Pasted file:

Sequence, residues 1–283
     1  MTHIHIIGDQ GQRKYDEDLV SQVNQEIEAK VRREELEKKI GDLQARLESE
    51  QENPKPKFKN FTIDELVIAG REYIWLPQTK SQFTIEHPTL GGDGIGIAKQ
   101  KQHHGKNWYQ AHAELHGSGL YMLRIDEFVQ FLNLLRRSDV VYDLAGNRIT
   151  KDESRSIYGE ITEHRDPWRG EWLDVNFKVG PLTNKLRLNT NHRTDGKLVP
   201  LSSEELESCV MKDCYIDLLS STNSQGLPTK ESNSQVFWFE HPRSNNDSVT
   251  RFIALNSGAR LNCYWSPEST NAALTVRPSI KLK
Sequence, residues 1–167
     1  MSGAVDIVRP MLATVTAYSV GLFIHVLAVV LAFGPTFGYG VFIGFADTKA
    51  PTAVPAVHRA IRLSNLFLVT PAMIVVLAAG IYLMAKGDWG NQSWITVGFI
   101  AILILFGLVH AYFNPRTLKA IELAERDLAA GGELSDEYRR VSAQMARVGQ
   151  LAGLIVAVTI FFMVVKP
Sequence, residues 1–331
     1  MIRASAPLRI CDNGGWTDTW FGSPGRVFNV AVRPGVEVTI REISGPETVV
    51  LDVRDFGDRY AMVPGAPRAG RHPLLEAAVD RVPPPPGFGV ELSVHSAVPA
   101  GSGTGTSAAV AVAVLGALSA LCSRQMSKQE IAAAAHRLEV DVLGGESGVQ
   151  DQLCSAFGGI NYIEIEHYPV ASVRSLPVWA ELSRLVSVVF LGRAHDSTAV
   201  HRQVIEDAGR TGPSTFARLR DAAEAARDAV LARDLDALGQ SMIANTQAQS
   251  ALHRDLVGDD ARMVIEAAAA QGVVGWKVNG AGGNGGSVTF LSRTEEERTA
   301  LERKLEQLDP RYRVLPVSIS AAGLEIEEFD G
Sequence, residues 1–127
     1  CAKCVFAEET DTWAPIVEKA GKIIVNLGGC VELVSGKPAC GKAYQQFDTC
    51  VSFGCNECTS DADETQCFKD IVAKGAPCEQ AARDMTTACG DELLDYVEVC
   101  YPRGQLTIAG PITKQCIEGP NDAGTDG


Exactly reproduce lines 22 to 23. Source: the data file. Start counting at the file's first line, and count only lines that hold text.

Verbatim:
     1  CAKCVFAEET DTWAPIVEKA GKIIVNLGGC VELVSGKPAC GKAYQQFDTC
    51  VSFGCNECTS DADETQCFKD IVAKGAPCEQ AARDMTTACG DELLDYVEVC